Sounds like Greek to me
The Greek language is far richer than French or Italian, but it's much more challenging to master.
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Reluctantly, because it was as expensive as staying at the Ritz, I decided to leave Berlitz. My new teacher teaches the old-fashioned way: You earn the right to speak by first memorizing and writing everything.Skip to next paragraph
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First on the list, this means memorizing fables and irregular verbs. It also means that you can rattle off a convincing yarn without being able to actually say anything, as I recently discovered on my first stay in Greece, where new acquaintances were stunned by my shining vocabulary and penmanship. "How can you write like this and not talk?" Easy.
Consider a nice useful word like melon, which is roughly that in German, French, and Italian. Here, it's "peponi," or, if it's watermelon you want, "karpousi" (why not "hydropeponi" at least?). Mastering the alphabet is a snap in the scheme of things. It won't take more than a lesson or two. The real trick is inventing mnemonic devices to anchor those strange syllables. For pirouni, "fork," try pierces-your-food. Meijarevo, "I cook," sticks in the mind as my, a rave, oh. And "he/she agrees" turns out to sound and be spelled just like symphony.
The word that sounds like "then" means "not," while the word for "then," tóte, is not a carry-all and looks just like toté, which means "never." The other word for "then" is metá, which looks like "half." "Yes" is "nah," which is German slang for "no." You get the picture. Even your "geo-" root becomes "ye" in spoken parlance, as in "oh ye of little faith."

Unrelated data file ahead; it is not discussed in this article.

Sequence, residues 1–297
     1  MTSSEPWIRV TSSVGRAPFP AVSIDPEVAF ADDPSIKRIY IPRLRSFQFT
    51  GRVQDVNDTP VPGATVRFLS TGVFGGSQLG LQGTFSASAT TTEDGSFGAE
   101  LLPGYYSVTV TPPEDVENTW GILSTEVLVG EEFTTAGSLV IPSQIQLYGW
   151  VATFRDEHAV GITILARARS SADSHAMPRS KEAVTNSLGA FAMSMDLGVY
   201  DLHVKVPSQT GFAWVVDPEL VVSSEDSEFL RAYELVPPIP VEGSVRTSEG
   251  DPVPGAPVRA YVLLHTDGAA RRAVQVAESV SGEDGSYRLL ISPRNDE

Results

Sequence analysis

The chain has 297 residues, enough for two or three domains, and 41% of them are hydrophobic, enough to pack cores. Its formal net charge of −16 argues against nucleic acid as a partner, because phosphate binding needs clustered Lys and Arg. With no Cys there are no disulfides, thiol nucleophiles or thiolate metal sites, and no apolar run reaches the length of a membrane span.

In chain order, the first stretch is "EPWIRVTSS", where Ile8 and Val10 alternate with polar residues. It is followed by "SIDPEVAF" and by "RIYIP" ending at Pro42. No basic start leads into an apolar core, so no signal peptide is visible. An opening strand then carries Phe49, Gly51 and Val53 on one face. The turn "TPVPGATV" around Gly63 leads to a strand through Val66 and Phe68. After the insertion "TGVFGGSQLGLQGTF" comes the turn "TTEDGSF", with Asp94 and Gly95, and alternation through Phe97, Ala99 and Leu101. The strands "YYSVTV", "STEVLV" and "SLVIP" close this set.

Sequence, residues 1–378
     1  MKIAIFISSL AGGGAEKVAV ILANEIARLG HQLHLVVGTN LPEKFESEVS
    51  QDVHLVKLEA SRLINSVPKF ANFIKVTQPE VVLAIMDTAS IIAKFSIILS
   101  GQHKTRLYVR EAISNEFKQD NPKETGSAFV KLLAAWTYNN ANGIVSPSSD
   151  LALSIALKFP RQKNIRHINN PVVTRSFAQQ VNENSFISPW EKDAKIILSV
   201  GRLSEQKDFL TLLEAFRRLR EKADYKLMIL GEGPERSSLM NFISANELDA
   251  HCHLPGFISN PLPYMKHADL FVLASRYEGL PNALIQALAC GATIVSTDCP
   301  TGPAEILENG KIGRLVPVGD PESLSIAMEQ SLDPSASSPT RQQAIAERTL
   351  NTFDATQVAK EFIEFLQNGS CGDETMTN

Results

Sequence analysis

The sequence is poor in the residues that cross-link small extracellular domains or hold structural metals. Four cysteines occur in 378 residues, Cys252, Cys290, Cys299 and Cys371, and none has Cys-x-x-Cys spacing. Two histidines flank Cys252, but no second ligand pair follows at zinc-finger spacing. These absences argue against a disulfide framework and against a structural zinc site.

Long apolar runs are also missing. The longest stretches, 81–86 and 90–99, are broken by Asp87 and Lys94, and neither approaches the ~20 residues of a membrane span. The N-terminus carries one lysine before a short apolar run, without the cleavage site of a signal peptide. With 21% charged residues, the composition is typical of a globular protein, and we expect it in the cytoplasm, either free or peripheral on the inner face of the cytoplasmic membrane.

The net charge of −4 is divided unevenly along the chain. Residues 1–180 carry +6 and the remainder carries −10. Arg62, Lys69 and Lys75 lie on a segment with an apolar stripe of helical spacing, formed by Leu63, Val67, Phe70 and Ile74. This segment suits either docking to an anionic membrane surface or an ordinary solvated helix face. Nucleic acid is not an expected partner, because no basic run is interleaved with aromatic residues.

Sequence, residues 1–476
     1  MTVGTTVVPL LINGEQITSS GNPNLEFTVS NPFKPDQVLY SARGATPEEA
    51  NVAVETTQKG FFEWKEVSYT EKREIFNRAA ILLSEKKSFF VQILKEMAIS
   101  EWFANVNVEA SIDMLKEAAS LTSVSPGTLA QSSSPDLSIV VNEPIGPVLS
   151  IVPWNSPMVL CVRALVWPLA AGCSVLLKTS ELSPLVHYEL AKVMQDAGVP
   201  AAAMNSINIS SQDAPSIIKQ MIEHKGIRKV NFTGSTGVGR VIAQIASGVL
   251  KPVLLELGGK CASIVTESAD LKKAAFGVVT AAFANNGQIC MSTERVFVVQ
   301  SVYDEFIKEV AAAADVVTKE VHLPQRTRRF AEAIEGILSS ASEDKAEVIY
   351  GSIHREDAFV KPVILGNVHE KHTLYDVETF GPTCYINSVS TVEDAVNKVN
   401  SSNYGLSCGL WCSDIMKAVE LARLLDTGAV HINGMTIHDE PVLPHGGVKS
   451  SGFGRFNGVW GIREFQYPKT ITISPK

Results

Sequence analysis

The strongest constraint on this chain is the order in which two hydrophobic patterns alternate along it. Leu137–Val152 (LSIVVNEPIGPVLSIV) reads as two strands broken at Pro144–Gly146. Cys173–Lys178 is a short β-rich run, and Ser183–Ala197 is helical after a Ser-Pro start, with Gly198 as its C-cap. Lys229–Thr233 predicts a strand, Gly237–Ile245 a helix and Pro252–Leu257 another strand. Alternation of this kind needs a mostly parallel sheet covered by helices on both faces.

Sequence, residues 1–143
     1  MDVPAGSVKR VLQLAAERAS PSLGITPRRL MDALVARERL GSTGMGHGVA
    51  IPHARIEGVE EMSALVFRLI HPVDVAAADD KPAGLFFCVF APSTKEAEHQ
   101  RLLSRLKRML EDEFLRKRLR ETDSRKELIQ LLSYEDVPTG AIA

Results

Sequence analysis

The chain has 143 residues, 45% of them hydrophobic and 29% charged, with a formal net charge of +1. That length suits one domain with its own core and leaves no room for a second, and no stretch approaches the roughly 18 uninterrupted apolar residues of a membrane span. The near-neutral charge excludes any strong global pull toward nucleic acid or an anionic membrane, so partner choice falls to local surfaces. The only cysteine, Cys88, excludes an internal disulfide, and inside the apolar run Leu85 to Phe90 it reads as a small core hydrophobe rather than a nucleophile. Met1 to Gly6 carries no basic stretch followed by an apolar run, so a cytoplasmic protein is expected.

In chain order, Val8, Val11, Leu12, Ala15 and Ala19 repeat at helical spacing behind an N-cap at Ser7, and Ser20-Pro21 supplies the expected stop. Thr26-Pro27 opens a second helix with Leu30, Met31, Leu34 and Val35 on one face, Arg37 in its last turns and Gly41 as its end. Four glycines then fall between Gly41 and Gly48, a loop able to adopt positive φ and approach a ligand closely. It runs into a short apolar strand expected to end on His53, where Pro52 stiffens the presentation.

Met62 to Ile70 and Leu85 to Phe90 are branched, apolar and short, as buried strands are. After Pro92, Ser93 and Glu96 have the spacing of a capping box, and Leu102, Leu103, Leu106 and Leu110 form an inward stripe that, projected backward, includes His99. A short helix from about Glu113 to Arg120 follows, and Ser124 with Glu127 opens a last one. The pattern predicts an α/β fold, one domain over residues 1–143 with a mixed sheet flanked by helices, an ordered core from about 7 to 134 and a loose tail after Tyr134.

But I am hopeful, even though Greek verbs give new meaning to the term irregular. In most languages there's some thread of continuity, as in "see, saw, will see." The Greek for this trio is vleppo, eetha, tha tho. "Drink, drank, will drink" is peeno, eepia, tha pio. And "say, said, will say" comes in as layo, eepa, tha po. Now try memorizing some 20 of these in all persons, singular and plural. The tongue reels while the mind boggles.
No quarter is given to learning basics, either. Say you're studying French. In no time at all you can at least ask the waiter if the tip is included: "service compris" is the operative phrase. In Greek this inflates to: seem be ree lem va non te ke ta po sos ta. But the reaction is worth the work. When I tried this out the first time, the owner of the small eating establishment came rushing out and insisted that my whole meal was "compris" and that they wouldn't take a drachma.
So, I'm struggling along, keeping the faith, but it looks like I'll be crocheting for a long time.